TSU scientists invent a safe and effective UV filter for sunscreen cosmetics
06.04.2015

Employees of the New Materials Department of TSU’s Faculty of Chemistry, along with colleagues from the Institute of General and Inorganic Chemistry (Moscow) and the Institute of Microbiology and Virology, National Academy of Sciences of Ukraine (Kiev) have developed a technology using nanoparticles of cerium dioxide (CeO2) to protect human skin from solar radiation. This compound is harmless, unlike titanium dioxide and zinc dioxide that are commonly used in the cosmetics industry. Furthermore, it is proven that cerium dioxide works as an antiseptic and accelerates wound healing. 

- By itself, CeO2 is not opening - says Lyudmila Borilo, Professor, PhD., Director of the international laboratory Multifunctional Materials, which is a part of the New Materials Department. - Bacterioscopic effects of cerium compounds were discovered in the late nineteenth century that quickly led to their use as skin antiseptics in veterinary and medicine.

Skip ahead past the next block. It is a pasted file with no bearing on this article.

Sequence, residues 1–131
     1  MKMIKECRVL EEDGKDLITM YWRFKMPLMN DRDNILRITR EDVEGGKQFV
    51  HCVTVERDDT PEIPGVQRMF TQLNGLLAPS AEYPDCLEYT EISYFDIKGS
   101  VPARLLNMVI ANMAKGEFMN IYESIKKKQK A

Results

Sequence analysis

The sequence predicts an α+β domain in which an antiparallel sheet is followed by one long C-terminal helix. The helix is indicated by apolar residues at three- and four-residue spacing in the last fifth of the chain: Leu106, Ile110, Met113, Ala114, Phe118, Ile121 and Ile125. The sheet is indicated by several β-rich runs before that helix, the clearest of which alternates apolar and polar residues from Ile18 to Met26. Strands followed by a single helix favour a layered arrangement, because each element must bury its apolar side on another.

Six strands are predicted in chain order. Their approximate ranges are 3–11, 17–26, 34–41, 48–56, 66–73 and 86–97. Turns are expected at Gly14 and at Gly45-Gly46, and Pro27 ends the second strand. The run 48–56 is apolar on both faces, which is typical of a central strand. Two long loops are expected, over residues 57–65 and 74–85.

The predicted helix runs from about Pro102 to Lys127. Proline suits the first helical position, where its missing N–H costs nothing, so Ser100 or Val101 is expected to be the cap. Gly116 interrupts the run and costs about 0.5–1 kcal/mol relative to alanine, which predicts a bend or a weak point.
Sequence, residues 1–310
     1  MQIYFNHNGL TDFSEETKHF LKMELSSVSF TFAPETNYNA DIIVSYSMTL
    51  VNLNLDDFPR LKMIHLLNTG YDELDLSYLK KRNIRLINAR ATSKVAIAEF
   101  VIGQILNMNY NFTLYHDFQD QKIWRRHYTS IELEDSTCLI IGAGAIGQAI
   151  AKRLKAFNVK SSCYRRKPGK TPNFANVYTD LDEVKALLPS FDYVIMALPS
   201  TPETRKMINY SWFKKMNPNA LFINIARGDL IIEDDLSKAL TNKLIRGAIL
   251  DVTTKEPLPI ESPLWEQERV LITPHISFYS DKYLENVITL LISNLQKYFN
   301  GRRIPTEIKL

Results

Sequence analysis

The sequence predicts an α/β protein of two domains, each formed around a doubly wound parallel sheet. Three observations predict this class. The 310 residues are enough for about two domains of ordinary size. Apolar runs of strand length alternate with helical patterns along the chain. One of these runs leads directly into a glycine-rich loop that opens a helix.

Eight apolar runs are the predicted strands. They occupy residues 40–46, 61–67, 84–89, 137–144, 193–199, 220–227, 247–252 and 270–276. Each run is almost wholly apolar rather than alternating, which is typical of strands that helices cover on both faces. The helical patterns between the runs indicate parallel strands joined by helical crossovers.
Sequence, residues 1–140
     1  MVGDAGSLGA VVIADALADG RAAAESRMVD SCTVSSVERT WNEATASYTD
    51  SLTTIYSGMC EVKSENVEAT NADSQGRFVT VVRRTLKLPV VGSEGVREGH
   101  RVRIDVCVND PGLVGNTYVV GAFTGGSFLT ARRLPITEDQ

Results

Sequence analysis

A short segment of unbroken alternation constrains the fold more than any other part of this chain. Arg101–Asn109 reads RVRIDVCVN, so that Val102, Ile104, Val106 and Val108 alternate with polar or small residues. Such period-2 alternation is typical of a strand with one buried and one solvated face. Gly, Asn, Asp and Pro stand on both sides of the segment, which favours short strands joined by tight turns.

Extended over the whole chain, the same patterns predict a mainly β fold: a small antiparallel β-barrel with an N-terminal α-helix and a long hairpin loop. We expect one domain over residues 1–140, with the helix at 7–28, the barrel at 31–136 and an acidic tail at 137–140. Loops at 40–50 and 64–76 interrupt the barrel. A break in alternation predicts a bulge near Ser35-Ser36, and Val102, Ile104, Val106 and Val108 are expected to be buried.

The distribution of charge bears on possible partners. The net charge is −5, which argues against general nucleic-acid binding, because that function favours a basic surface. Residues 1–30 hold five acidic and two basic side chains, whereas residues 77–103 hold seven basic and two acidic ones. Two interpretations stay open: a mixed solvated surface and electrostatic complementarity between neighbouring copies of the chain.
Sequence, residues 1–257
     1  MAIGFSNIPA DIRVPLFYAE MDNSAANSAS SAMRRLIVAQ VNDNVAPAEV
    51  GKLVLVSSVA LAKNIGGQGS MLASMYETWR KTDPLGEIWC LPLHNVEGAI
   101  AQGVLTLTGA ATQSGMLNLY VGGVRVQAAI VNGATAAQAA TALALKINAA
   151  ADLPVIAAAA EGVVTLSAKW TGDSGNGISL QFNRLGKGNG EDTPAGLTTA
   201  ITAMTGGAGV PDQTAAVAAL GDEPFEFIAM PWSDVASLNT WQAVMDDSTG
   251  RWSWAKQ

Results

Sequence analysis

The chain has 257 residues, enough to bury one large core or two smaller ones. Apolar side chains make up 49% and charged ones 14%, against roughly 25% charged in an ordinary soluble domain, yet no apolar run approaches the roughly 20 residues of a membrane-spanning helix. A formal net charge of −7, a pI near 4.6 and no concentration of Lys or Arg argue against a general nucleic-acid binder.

Scientists of the Multifunctional Materials Laboratory found an absolutely harmless way to protect the skin from solar radiation. They use a colloidal solution of cerium oxide as the UV filter.

- Our studies show that the sun protection factor (SPF) of cosmetic products containing nanoparticles of cerium dioxide almost twice outperforms the compositions containing conventional inorganic UV filters, - says Vladimir Ivanov , PhD, one of the main developers of new technology, Head of the Laboratory of Synthesis of Functional Materials and Mineral Processing, and employee of the Multifunctional Materials Laboratory. - Moreover, the cerium dioxide nanoparticles have a pronounced protective effect against reactive oxygen species and free radicals generated by UV radiation.

Our findings offer the prospect of using colloidal solution of CeO2 nanoparticles not only as part of prophylactic agents that protect cells from UV irradiation but also as therapeutic agents for the treatment of burns of varying etiology, including the sun. At present, the development is in preclinical trials in one of the medical institutions in Moscow.